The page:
Gillings School alumnus selected as finalist for Service to America Medal
May 27, 2016
Allen Wilcox, PhD, Gillings School alumnus and a pioneer in reproductive epidemiology, has been selected as a finalist for a 2016 Samuel J. Heyman Service to America Medal, a prestigious honor for federal government professionals.
The service medals, also known as “Sammies,” are the “Oscars” of government service. Named for the late founder of the Partnership for Public Service, the awards reflect Heyman’s vision of a dynamic and innovative federal workforce that meets the needs of the American people.
Of the millions of federal employees, 32 were chosen to compete in eight categories – career achievement, call to service, citizen services, homeland security and law enforcement, management excellence, national security and international affairs, science and environment, and federal employee of the year. Wilcox is a “career achievement” finalist.
A senior investigator at the National Institute of Environmental Health Sciences, Wilcox has spent nearly 40 years conducting groundbreaking human reproduction research that has advanced understanding of fertility and pregnancy.
When he joined NIEHS in 1979, little attention had been paid to the epidemiology of human reproduction. His first study, which was featured on the cover of Newsweek magazine, focused upon early pregnancy and miscarriage and found that 25 percent of pregnancies are lost before women are aware they are pregnant. The study also showed that most women who have miscarriages are fertile and subsequently are able to have a healthy pregnancy.
The findings of that study led to other discoveries about fertility, including that women can conceive during the five days prior to ovulation and on the day of ovulation; that over-the-counter tests were not able to detect pregnancy on the first day a woman’s menstrual cycle was late; and that low birth weight, formerly thought to be the major cause of infant death, was a secondary cause to preterm delivery and pathology of the fetus.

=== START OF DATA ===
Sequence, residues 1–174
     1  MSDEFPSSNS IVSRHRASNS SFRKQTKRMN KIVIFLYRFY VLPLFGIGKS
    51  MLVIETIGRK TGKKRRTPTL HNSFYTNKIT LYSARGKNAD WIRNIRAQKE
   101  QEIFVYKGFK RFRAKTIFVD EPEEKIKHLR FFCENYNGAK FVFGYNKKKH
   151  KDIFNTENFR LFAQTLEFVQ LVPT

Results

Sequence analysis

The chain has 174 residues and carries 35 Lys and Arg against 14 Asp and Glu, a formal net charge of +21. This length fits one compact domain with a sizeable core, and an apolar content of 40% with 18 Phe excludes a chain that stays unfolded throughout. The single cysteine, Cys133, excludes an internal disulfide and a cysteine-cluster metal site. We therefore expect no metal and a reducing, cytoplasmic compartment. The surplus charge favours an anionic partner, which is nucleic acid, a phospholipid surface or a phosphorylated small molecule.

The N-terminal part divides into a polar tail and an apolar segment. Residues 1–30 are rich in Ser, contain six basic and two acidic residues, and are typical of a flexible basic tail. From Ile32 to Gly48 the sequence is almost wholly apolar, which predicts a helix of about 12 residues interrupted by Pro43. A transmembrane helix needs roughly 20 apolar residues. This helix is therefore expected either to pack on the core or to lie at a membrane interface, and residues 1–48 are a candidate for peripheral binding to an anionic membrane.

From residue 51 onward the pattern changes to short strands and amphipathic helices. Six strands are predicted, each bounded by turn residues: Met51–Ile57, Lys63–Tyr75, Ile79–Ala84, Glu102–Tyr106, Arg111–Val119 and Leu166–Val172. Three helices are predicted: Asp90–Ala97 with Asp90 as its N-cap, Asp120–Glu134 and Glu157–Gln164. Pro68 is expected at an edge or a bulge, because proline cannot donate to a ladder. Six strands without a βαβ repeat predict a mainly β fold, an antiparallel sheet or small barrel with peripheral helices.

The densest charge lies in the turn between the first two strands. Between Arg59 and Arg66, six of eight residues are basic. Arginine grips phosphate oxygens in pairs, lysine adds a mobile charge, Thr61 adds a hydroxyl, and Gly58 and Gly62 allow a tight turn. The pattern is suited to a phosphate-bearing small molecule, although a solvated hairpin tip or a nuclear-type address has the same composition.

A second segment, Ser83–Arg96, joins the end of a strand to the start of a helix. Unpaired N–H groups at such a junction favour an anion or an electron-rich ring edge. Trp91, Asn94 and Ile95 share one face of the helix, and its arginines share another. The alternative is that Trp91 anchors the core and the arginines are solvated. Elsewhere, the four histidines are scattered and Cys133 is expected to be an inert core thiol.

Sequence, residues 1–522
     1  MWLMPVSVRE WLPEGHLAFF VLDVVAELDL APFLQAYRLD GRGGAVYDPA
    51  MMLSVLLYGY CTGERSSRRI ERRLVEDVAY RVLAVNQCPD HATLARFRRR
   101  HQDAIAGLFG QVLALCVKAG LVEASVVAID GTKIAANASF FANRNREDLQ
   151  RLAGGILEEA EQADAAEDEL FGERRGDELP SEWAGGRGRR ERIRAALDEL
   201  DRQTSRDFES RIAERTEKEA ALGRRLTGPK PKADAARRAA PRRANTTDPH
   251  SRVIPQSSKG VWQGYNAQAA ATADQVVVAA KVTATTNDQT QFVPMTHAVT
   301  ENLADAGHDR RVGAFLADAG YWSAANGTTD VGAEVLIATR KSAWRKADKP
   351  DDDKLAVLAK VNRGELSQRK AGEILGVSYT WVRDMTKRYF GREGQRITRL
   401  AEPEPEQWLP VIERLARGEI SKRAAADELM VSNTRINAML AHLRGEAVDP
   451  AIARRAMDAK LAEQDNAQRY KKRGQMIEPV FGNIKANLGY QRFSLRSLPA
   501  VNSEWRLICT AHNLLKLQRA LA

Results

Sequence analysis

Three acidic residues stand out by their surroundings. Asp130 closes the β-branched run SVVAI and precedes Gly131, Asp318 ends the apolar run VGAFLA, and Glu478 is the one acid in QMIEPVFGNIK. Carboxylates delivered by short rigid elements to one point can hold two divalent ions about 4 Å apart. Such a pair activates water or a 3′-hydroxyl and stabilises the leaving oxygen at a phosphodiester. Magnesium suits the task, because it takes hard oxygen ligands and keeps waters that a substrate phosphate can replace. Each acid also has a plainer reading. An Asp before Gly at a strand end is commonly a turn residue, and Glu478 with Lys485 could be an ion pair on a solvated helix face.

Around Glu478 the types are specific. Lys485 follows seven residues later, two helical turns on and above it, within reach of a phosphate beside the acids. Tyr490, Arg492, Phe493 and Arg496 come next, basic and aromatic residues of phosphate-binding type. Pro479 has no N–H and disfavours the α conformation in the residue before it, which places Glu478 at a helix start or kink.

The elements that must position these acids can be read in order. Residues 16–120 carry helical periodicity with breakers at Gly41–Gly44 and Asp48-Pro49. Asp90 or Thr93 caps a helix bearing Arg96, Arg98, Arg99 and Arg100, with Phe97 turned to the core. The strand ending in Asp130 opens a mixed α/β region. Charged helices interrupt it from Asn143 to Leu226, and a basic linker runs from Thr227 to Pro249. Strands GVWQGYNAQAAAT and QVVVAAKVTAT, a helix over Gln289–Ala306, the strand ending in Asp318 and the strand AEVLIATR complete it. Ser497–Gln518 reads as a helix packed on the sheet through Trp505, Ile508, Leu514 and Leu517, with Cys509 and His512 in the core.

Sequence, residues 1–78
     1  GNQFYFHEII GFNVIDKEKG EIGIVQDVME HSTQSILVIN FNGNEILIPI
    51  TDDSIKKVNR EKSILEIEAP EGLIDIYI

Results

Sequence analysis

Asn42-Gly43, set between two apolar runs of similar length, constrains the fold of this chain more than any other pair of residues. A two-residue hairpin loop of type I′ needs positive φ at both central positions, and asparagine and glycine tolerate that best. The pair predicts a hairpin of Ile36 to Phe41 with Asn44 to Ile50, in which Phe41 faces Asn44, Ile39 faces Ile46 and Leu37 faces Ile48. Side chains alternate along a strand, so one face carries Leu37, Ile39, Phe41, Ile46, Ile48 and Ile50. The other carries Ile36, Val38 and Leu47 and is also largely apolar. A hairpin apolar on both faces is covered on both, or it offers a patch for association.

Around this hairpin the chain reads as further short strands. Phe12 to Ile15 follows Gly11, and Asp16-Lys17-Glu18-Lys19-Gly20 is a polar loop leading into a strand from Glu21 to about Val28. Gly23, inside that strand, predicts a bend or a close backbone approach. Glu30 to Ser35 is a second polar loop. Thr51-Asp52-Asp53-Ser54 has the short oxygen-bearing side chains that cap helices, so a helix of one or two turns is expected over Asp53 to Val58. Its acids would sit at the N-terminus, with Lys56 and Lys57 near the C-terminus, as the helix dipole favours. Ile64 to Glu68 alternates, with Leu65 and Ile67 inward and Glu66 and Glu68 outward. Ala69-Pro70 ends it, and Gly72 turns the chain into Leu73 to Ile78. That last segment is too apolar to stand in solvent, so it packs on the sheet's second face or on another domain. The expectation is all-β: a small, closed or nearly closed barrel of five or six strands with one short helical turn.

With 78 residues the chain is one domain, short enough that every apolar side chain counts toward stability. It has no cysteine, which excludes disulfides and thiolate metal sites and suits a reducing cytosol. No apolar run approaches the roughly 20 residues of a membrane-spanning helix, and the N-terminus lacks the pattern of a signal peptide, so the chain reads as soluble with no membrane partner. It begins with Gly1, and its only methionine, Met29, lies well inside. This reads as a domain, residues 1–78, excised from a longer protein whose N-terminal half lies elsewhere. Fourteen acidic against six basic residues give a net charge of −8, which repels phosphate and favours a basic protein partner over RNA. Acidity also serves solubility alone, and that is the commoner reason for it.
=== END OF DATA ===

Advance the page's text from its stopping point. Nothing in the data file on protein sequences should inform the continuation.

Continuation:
“If my work makes a contribution,” Wilcox was quoted as saying on the Service to America website, “it probably has not been a single study so much as an approach to how all these separate pieces – fertility, conception, fetal development, infant survival – fit into an integrated picture. You can’t understand one without considering them all.”
Wilcox earned a Master of Public Health degree in maternal and child health at the UNC Gillings School in 1976 and a doctorate in epidemiology at the School in 1979. Among many other leadership roles and awards, he has served as president of the Society for Epidemiologic Research and on the board of the directors of the American College of Epidemiology. In 2000, the Gillings School’s Department of Epidemiology selected him for the H.A. Tyroler Distinguished Alumni Award.
He and other finalists were honored at a reception on May 3 in Washington, D.C. Winners will be announced at a black-tie gala on Sept. 20.